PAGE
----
Recently, I had an opportunity to sit down with Willie Ratchford, executive director of Community Relations for the City of Charlotte. Willie just celebrated 40 years working with the city, and I wanted to get his perspective on how community relations and engagement have changed throughout the years. I was also curious to get his take on the current role of local government considering the drastically different community landscape.
When Willie started with the city, the year was 1975. During that year Microsoft was founded, “Saturday Night Live” premiered, the Thrilla in Manila took place and the blockbuster hit “Jaws” was filmed on Martha’s Vineyard. We may have social media and 3D video games today, but one of the most popular (and odd) gifts for kids during the holiday season in that year was the Pet Rock. So yes, times have changed. Significantly.
Willie has seen a lot throughout his life and career – from the desegregation of schools to his involvement in the administration of Charlotte’s fair housing law in 1988. In 1994, Willie became the executive director of Community Relations. He felt that this role was a defining moment in his career because he had the opportunity to impact race relations in Charlotte. He firmly believes that it is the responsibility of local government to promote community harmony.
“We have to be mindful of the diversity mix of where we live, and local government should reflect that,” said Willie. “We have to understand the residents and know the services that they need from us. The city has an obligation to be an inclusive community.”
This obligation is exactly why the City of Charlotte established Community Relations.
As local government, we have to take the time to understand what the community wants out of a relationship and how they want to be engaged. Willie notes that the community wants leadership by example. He’s right. Engaging the community has to be a priority because we all play a role in the success of our city. There is a growing opportunity to have meaningful dialogue with residents about what matters to them the most. We can empower them and make them feel part of the growth and development happening every day.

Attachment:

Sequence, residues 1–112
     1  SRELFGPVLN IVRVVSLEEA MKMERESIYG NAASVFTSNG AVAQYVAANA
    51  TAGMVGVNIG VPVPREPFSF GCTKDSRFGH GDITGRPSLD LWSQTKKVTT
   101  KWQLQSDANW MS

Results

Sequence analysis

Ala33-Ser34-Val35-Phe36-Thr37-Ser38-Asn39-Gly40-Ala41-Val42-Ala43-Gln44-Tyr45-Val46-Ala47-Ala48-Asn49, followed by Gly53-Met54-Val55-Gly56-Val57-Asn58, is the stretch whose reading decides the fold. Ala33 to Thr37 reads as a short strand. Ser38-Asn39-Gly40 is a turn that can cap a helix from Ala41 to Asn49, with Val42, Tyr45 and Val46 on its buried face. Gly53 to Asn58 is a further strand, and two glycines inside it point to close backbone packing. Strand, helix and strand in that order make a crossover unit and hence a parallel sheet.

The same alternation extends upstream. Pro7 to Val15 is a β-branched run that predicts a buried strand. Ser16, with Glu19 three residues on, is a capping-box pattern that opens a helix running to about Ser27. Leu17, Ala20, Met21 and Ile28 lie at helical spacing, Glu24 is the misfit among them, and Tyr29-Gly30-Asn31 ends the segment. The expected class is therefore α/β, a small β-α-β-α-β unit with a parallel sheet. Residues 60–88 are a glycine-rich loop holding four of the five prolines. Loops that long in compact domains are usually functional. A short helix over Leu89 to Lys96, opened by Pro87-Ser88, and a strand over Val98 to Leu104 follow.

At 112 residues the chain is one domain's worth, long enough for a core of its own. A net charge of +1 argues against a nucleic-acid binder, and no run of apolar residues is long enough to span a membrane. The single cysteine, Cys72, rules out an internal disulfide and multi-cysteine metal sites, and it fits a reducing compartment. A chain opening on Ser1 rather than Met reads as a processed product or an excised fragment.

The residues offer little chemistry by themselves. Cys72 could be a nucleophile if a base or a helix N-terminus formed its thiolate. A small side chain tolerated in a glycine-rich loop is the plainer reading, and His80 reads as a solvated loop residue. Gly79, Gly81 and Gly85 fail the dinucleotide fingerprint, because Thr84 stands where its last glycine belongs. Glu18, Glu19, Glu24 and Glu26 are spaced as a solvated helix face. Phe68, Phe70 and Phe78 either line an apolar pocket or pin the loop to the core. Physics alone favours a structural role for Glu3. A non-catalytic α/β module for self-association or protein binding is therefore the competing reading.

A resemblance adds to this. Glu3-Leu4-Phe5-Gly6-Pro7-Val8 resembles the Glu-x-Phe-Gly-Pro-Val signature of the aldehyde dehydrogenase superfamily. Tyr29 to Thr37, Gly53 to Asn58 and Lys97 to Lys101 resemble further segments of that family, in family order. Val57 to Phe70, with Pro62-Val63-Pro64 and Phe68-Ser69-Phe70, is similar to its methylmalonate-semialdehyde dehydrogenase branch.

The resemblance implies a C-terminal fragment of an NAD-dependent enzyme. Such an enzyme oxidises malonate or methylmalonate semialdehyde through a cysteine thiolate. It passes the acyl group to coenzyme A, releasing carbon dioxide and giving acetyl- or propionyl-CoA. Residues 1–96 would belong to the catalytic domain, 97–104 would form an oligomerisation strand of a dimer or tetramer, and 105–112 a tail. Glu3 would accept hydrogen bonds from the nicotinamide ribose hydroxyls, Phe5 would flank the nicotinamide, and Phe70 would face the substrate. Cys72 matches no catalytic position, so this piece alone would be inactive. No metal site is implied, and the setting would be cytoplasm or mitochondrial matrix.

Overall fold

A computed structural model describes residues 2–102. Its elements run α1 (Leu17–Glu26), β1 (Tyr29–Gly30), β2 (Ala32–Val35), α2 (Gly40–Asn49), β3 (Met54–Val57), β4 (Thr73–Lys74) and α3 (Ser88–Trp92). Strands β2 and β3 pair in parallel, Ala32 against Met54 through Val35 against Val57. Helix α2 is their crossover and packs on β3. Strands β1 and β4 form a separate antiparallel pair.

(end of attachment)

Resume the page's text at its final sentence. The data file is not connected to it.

So, how have things changed from 40 years ago? Willie believes the change has been major.
“It used to be that local government seemed to have had all the power, but about 25 years ago, neighborhoods began realizing that they, too, have power,” said Willie. “We have strong neighborhood associations in our community.”
People want to be involved with local government and be viewed as a true partner. We have seen that here in Charlotte with the amount of participation at public meetings, engagement via social media and even new online tools to solicit feedback.
We’ve come a long way in 40 years, but the work is not done yet. We can’t simply rely on previous methods of engagement, but instead have a focus on reaching people in new and exciting ways. We, as local government, need to continue the conversations, bridge the gap in the community and promote a sense of collaboration to continue making Charlotte a great place to live, work and play.